Ruby on beachHoliday swimming

Heading to the beach? A day at the seaside is the epitome of summer holiday fun. It is safe to take your baby in the sea, although it’s not recommended for babies under six months because of the water temperature and saltiness. Salty water doesn’t taste nice and can sting your baby’s eyes, so no submersions…

Be aware of the waves, currents and tides which can knock little ones over, so keep hold of them at all times, even if the water seems calm. You should also stay in the shallows, avoid inflatables, and make sure you don’t stay in too long.

Kit for fun in the sea:

Swim nappies

UV suit SPF 50+

Wetsuit – should be a snug fit

Water resistant sun cream and a hat

Plastic ‘jelly’ shoes for jumping in the waves

Stay safe!

Water safety is as important as learning to cross the road, whether you’re going for a dip or you’re near a body of water. Some people think babies can’t learn water safety, but nothing could be further from the truth. Little babies are not innately scared of water – quite the opposite; they’ve spent nine months cocooned in it so they’re quite comfortable in water.

Drowning happens most often when people panic. Keeping children relaxed in water, and used to submerging in the controlled way means they won’t panic if their heads go under water by accident.

Ruby and FamilyIt’s so important to teach our children water confidence from a young age, and this is borne out by Micaela Beale from Eltham whose daughter Ruby nearly drowned in a swimming accident whilst on holiday with family last year. Ruby, who was 3 at the time of the incident fell into a swimming pool trying to retrieve a ball. Her parents had taken their eyes off her for a second, the next thing they knew was that she was soaking wet – but amazingly calm and collected. It transpires that Ruby had fallen in at the deep end of the pool, sunk to the bottom, kicked her way to the surface, swum to the side, and climbed out. Her Mum Micaela is sure that this story doesn’t have a tragic ending because she has taken Ruby to swimming classes since she was a baby.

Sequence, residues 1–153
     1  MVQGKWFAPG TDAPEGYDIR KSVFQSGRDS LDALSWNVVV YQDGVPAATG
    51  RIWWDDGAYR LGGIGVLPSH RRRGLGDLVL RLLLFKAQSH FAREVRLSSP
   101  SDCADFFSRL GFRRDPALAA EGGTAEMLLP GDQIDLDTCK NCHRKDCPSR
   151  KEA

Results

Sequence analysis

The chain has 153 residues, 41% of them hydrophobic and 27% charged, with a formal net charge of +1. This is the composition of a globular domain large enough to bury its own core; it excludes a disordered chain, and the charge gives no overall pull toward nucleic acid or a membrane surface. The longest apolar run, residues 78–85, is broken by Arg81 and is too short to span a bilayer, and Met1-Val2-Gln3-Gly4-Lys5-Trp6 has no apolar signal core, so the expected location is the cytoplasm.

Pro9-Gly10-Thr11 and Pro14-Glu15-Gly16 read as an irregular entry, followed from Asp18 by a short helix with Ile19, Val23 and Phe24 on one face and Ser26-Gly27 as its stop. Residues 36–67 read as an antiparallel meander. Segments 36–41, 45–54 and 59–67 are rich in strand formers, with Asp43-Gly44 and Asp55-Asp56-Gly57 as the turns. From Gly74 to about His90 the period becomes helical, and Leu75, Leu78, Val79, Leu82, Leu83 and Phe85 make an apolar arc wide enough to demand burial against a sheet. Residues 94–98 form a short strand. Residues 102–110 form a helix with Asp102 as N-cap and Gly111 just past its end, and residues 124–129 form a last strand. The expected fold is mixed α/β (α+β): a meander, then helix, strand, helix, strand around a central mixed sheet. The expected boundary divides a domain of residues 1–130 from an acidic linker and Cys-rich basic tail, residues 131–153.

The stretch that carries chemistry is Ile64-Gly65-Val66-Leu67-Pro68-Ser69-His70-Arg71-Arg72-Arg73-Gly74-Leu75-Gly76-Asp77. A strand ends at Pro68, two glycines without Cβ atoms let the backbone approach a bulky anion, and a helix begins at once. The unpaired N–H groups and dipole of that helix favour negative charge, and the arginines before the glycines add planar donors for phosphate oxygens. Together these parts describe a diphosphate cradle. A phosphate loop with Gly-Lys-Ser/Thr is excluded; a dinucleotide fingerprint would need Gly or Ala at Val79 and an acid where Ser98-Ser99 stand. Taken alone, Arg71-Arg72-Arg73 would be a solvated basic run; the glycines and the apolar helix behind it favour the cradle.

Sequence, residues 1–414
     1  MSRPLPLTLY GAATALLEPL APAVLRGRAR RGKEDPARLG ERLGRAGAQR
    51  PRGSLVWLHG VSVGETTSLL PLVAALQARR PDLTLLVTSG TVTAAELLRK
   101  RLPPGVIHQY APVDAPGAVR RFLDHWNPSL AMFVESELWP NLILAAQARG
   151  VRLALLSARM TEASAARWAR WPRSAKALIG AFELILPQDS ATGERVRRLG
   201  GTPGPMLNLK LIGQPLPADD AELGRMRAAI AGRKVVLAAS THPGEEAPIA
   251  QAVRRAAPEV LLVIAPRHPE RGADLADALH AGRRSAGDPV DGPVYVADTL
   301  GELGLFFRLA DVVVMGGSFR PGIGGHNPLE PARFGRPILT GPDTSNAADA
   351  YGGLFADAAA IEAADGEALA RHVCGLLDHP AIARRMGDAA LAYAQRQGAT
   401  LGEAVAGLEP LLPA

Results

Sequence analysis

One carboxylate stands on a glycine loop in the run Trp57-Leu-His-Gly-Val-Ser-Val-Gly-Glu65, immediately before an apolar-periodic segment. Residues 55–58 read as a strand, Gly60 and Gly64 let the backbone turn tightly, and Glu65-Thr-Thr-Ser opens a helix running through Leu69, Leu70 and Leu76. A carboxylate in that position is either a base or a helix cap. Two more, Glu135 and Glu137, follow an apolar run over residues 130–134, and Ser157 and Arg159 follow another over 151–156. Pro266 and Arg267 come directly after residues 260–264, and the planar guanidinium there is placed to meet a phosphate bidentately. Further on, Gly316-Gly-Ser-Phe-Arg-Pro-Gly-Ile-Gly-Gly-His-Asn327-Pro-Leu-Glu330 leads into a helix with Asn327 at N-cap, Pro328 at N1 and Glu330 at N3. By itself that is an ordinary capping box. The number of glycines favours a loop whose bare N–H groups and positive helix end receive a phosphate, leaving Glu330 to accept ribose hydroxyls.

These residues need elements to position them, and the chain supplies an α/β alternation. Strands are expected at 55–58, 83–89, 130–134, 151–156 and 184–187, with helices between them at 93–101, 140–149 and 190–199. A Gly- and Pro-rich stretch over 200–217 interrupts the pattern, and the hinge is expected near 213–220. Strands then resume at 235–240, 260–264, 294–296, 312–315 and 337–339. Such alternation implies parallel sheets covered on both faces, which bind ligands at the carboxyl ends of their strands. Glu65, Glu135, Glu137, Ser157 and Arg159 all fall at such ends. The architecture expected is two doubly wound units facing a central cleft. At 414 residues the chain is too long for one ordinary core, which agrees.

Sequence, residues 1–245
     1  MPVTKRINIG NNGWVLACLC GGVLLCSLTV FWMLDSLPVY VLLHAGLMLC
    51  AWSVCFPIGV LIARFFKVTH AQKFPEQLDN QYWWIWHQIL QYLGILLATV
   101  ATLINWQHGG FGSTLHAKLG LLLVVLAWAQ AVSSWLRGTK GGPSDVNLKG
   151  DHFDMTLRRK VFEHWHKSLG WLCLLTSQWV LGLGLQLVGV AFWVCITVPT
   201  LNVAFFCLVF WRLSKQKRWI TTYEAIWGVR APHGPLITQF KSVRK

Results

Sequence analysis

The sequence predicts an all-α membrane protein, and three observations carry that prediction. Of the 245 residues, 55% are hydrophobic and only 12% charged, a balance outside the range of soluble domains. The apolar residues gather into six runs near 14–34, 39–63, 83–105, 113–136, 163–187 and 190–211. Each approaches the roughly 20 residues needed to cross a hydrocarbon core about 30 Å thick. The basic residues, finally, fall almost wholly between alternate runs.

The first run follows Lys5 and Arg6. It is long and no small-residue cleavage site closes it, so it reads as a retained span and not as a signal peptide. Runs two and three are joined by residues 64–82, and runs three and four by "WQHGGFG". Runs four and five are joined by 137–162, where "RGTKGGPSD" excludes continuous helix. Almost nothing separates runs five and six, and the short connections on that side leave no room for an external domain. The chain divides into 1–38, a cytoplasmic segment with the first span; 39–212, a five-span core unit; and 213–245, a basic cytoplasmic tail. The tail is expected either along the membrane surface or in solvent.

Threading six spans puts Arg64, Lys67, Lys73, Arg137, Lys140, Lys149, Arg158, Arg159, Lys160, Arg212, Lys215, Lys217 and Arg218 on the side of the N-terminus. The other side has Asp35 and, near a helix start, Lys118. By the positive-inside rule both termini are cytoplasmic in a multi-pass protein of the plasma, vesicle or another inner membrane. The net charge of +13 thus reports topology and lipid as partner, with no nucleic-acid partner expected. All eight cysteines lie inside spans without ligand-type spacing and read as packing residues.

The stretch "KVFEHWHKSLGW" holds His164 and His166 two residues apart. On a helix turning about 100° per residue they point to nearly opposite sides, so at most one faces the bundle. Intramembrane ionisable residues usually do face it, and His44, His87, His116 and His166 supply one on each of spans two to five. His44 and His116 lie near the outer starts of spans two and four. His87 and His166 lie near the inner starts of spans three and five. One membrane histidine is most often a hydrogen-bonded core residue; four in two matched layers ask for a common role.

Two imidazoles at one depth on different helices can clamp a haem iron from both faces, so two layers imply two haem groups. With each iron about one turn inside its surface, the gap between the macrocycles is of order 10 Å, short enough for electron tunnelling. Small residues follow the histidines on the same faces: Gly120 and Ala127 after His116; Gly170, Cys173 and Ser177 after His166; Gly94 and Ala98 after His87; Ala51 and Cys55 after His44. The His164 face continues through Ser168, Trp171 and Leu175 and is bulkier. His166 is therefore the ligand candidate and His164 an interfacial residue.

“We truly believe that, had it not been for her swimming lessons, she would have panicked and probably the story would have ended very differently. However, she was not scared of the water, she knew to hold her breath, she knew to kick up from the bottom and swim to the side of the pool, and how to get herself out.”

Michaela goes on to say

 “We were overwhelmed with the enormity of what might have been, but Ruby was completely calm through it all and still has no fears about water or swimming. Ruby may not be a strong swimmer yet as she’s still only 3 but she was capable enough and well trained enough in what to do when the worst happened to save her own life.”

 

Whatever you do with your babies this summer have fun and stay safe.  

For more information on baby swimming classes contact

Water Babies London South East at [email protected] or 020 8858 5242.

 

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Sarah Ashton runs Water Babies in the South East London area, having bought the business back in 2010. Desperate for a change from her demanding role as an Ops manager for a marketing agency and for the chance to spend more time with her new baby Hannah, she seized upon Water Babies as a business she could love and really make a difference with. The rest is history. With help from her dedicated team, she teaches over 650 babies per week to swim and run her business from her HQ in Greenwich. Although she’s never worked harder, she can honestly say there’s nothing she’d rather be doing – Water Babies classes really can change lives.